We’ve all heard how we can’t just be the technician in our business because we get caught up in the day-to-day and the tedious aspects. We get stuck ‘Getting it all done. We work IN the business instead of ON the business. (You HAVE heard this right? From Michael Gerber of ‘The E-Myth’. If not – go read a summary here: “The E-Myth Revisited: A Review” by the great ‘Men with Pens’
Here’s the thing: It’s okay to be the technician when you choose when that will be.
I’ve had a lot of hopeful projects in the past that haven’t done what all involved dreamed they would do. Because of that, I began to always doubt what the success and possibility of a project would be. It had pretty much gotten to the point where I doubted the likelihood of the success of a project all the way along.
Here’s why: because I began to doubt my partners. I began to not know how it would go because I couldn’t put total faith in my partners like I could with myself believing. And – alternatively (and it sucks to realize it) my partners couldn’t have total faith in me. I wasn’t perfect all the time either.
Choose Your Partners Wisely
This isn’t saying my partners were bad. Far from it. I only chose to work with amazing people. I’m pretty strict with who I choose to work with and I always did plenty of due diligence before moving forward.
But because of so many different elements, I began to doubt the success of each project’s future.
Today that is gone. I’m in control of my own future and I feel amazing. And I know where it’s going to lead. I know what my vision is and I know what I’m working on. I know whatever step I take, is deliberate and I’ve thought it through.
You need to do the same. You need to be in control.
The whole point is to be your own boss.
Whether you’re simply a freelance website developers Ireland or you’re operating a full-fledged web development business – you started it to be your own boss. What happens when you start to take on partners? They start to be your boss as well. So how do you get around this?
I’ve developed a set of rules to follow when working with Partners on a project, and I’ve simplified them for consumption below:
- Be clear with your partners in how you work. Let them know what your work schedule is and let them know when you have other things to work on.
- Institute a way to be contacted. If you only wish to communicate via Basecamp, let them know. You’re partnering for financial gain, treat it that way.
- Regurgitate often. Getting clarity on expectations of you is the top priority. If it ever seems out of whack, re-state what it is you hear them asking you to do. When they hear it they’ll see the unbalance as well.
- Measure your success. Is what you’re working on working for YOU? If it’s not then be honest with all involved and explain why. This includes being honest with yourself – if you’ve committed to more than you can chew you need to CHEW REALLY HARD or spit it out right away.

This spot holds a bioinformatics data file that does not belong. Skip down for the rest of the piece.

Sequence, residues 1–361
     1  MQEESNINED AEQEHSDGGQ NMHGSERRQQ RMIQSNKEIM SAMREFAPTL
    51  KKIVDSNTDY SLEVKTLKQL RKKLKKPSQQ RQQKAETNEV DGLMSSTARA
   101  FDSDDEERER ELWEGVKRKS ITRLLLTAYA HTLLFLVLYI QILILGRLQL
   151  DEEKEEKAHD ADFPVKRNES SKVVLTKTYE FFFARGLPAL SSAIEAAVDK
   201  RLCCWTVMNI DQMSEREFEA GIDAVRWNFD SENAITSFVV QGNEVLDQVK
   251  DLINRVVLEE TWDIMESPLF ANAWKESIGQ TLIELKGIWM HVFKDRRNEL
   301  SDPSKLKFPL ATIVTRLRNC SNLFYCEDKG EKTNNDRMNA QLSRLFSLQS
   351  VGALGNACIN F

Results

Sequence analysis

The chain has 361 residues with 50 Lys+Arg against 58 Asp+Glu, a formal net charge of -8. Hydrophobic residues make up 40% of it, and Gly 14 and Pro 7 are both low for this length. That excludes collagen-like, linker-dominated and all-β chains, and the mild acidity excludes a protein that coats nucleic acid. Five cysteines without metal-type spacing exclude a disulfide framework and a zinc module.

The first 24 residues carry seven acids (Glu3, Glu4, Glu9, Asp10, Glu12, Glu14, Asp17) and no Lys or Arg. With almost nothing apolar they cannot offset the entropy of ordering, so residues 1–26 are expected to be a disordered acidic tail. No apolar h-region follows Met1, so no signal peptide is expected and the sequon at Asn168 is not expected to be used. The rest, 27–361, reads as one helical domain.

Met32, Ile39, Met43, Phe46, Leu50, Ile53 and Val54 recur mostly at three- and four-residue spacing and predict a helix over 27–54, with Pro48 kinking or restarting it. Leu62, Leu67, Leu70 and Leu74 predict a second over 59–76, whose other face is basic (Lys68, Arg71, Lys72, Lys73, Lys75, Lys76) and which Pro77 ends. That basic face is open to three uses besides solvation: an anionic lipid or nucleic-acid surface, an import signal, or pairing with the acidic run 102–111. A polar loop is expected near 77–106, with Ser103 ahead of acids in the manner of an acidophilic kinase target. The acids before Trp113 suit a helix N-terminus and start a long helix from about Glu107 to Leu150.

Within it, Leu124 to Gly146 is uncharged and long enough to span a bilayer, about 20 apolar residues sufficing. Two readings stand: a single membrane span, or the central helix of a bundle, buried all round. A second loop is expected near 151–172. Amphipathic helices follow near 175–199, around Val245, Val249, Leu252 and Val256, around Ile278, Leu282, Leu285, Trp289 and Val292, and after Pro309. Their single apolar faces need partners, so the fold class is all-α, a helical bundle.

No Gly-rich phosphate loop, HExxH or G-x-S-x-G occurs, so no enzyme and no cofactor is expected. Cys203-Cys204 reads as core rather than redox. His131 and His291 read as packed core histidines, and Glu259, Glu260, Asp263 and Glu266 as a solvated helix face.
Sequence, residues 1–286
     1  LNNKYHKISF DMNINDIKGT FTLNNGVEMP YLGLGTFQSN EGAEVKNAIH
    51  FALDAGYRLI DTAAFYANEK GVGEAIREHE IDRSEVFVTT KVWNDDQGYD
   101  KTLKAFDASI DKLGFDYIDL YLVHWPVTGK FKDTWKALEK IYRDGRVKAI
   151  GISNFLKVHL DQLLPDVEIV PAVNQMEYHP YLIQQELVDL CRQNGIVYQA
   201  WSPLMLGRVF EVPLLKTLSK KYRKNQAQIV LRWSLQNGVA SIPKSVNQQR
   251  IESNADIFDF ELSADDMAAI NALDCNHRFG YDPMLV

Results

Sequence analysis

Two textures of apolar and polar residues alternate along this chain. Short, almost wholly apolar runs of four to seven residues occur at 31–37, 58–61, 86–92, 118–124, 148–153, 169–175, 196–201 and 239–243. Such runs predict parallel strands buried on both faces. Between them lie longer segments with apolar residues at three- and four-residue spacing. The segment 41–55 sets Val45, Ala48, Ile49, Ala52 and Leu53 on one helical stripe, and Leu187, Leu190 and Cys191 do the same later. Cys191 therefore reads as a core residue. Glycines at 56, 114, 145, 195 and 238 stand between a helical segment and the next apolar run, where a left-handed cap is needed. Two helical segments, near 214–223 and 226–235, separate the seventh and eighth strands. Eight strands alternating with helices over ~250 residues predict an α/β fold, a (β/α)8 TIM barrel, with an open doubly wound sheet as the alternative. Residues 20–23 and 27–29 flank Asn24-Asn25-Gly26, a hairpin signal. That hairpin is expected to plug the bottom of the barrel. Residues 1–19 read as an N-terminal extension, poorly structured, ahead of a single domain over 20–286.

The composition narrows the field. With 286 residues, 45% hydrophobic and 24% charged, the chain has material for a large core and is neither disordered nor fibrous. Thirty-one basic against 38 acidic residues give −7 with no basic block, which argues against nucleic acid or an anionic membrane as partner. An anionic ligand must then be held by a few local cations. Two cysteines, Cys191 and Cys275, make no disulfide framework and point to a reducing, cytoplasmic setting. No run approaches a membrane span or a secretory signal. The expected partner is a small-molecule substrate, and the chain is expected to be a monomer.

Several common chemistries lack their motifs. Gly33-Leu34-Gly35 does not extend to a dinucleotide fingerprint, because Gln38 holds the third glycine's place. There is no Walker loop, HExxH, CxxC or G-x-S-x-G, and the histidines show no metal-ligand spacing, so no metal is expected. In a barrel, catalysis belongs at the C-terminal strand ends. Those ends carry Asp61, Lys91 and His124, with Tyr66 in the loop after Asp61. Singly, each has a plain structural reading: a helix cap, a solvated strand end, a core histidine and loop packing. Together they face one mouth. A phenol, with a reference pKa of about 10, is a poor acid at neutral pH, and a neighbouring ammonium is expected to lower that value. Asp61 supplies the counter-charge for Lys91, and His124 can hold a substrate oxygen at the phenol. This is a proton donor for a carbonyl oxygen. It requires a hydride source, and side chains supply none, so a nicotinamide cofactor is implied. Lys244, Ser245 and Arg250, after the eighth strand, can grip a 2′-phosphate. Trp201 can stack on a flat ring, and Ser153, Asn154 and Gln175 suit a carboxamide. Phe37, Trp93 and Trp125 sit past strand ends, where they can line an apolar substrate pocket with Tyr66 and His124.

- Quit. That’s right – if it’s sucking the life you need to quit. It’s not helping anyone to hang on out of ‘integrity. This is especially the case if there hasn’t been any gain after lots of up-front effort. It’s okay to let go.
They’re simple and they rely heavily on your instinct – but if you’re in this for the long haul then you’re thinking for yourself anyway. All you need to do is start following your instinct more often,
Say ‘No’ Early, but not Often.
I’ve all too often never uttered the word ‘No’ to a partner or a client. It just wasn’t something I could bring myself to do. It’s not nice. I’m a nice guy. It’s who I am. Or at least – that’s what I told myself.
No, when something doesn’t work for me, I say ‘No’. When it does, I agree to it. Here’s what’s happened for me professionally since implementing this ‘strategy’ (which should really just be normal). I’ve developed greater respect from partners and clients. My time is more respected and trusted. When I say I can do something – I actually can because I’ve let go of the things that always get in the way of that.
When I say ‘No’ my partners and clients believe it. It is not questioned and it is actually respected to a much greater amount than I initially thought would be the case.
What comes from me saying ‘No’ is that my ‘Yes’ actually has more weight.
Now when I let a partner or client know I am available to work on a project – instead of it being expected it is appreciated. So when I’m asked if I can make a change to a site in 2 days, and I say I can make it work – they’re extremely grateful for me taking the time to make sure their ‘whim’ is accommodated.
Saying ‘No’ when I first realize it’s something I shouldn’t commit to frees me to make sure I complete the things I’ve said ‘yes to. And those things I said ‘Yes’ to are the projects I believe in. This keeps Me in control and when I’m in control – I look forward to tomorrow. And the next day. And the day after that.